Landlord Accused of Kicking, Killing 17-Year-Old Dog - NECN
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Landlord Accused of Kicking, Killing 17-Year-Old Dog

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    Police in Keene, New Hampshire, say a man kicked and killed a 17-year-old dog when it tried to relieve itself in his yard. (Published Wednesday, Oct. 7, 2015)

    Police in Keene, New Hampshire, say a man kicked and killed a 17-year-old dog when it tried to relieve itself in his yard.

    Toby Tousley, 55, faces an animal cruelty charge after allegedly kicking Teddy to death.

    It's been a strange four days for Teddy's owner, Bill LaPlante, and his family.

    "He meant a lot to us, he was our baby," LaPlante told necn Wednesday.

    They've spent 17 years snuggling with their five-pound dog, but not anymore.

    "I came over and he was laying on the ground dead with his tongue hanging out," LaPlante said.

    LaPlante says Saturday afternoon, Teddy ran into his neighbor's yard and started going to the bathroom.

    That's when LaPlante claims his landlord killed his dog.

    "Instead of coming to see me, he decided to go up and kick him like a football, and he got him right in the rib cage right there," LaPlante recalled.

    Police charged Tousley, the property manager and a former Keene City Council candidate, with one count of misdemeanor animal cruelty.

    LaPlante says with the dead dog in his arms, he confronted Tousley.

    "I went in and told him, 'Look what you just did to my dog,'" said LaPlante. "He didn't say sorry, he didn't say nothing."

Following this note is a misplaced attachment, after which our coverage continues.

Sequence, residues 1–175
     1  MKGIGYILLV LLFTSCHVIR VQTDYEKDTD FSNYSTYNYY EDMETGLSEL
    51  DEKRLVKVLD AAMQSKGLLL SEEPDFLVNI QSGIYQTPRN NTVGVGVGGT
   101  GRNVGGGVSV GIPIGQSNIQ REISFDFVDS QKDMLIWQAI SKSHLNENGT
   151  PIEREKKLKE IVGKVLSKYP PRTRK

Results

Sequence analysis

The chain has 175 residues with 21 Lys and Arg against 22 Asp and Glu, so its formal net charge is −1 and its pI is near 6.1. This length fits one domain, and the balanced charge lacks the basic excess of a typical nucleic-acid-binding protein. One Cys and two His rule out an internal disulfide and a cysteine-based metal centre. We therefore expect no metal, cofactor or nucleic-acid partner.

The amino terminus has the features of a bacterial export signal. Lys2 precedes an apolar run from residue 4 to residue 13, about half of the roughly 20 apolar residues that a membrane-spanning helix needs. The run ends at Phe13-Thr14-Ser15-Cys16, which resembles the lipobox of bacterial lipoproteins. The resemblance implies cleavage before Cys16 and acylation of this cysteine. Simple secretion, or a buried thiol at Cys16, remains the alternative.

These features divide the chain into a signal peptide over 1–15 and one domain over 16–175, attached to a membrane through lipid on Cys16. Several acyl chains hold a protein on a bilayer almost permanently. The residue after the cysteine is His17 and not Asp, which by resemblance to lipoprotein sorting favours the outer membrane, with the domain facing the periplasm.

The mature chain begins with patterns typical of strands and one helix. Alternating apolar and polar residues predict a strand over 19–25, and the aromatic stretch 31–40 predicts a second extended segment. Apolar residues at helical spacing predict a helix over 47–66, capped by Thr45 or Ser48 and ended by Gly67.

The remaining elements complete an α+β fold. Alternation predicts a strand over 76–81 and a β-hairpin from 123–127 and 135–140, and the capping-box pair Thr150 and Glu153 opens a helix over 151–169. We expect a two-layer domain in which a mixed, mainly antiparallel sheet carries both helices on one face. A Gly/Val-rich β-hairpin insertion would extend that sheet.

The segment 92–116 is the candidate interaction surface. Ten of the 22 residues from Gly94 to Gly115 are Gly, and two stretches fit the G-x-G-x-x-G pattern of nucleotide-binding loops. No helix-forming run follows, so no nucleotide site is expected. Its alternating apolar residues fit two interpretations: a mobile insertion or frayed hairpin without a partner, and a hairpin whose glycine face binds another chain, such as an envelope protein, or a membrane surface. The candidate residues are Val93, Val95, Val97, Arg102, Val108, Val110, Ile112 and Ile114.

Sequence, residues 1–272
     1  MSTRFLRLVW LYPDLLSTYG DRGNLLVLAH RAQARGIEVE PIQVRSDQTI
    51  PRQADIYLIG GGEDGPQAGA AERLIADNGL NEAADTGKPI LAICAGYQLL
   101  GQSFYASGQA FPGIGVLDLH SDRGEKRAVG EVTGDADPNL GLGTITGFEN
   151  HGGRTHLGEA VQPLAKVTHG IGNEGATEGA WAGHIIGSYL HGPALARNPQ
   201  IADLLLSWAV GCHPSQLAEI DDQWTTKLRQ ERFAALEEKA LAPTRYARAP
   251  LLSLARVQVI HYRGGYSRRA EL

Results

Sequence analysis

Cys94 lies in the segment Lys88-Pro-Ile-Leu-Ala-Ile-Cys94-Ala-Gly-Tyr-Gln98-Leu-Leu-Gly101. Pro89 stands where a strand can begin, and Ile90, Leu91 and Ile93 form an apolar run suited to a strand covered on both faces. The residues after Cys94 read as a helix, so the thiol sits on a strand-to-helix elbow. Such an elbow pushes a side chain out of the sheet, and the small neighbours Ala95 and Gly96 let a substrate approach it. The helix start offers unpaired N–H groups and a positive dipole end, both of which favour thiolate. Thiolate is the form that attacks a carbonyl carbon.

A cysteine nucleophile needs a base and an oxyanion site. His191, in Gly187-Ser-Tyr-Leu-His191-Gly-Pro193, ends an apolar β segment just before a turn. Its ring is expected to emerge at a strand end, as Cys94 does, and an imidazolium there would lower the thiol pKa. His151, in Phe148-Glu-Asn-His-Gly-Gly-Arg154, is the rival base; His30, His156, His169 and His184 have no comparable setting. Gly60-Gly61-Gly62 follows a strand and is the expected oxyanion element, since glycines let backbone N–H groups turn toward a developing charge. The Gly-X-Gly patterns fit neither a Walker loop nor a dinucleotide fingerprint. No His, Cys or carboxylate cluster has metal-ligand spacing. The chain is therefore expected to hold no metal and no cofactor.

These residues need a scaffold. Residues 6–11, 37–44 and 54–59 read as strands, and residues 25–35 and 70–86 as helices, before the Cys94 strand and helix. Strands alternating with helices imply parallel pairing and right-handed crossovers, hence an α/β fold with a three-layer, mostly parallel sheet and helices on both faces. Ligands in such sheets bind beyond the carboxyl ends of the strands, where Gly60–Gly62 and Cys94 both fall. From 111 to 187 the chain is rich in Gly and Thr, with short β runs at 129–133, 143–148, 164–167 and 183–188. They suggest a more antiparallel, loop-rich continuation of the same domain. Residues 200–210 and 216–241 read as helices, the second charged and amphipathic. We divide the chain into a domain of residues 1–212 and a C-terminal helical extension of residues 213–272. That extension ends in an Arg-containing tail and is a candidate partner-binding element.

Tousley told necn over the phone there's been an ongoing issue with LaPlante leaving his dogs off-leash. Tousley says Saturday, Teddy and another dog started attacking him.

    "This really has nothing to do with a dog taking a dump on my lawn," Tousley said. "The dogs are running loose and snapping and biting and trying to run at you and every time you turn around they come closer."

    When we asked whether Tousley actually kicked the dog, he replied, "You know, I am just going to refrain from making comments because I am really concerned about protecting myself."

    LaPlante just wishes he had the chance to protect his dog.

    "He was never a bad dog, everyone would walk by and pat him, he would never hurt a flea," LaPlante said.

    A lot of people in the city say LaPlante should have had his dog on a leash but also send their condolences for his loss.

    Tousley is seeking legal counsel. He is due back in court Dec. 10.

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